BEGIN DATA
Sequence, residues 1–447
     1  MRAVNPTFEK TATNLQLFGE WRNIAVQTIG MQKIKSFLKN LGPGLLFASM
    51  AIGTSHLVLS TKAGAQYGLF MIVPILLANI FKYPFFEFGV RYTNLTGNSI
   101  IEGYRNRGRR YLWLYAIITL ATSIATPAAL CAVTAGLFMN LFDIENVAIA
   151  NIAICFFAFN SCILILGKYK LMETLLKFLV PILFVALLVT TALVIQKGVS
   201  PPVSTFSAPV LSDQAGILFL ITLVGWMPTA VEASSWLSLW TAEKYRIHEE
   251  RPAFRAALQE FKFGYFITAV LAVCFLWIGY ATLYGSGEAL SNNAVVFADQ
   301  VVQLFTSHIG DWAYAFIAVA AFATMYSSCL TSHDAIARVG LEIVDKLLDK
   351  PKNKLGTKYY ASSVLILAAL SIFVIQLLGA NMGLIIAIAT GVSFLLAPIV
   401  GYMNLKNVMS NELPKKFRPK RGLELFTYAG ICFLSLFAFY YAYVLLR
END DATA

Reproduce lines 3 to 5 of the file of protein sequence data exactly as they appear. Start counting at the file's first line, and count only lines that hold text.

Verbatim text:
    51  AIGTSHLVLS TKAGAQYGLF MIVPILLANI FKYPFFEFGV RYTNLTGNSI
   101  IEGYRNRGRR YLWLYAIITL ATSIATPAAL CAVTAGLFMN LFDIENVAIA
   151  NIAICFFAFN SCILILGKYK LMETLLKFLV PILFVALLVT TALVIQKGVS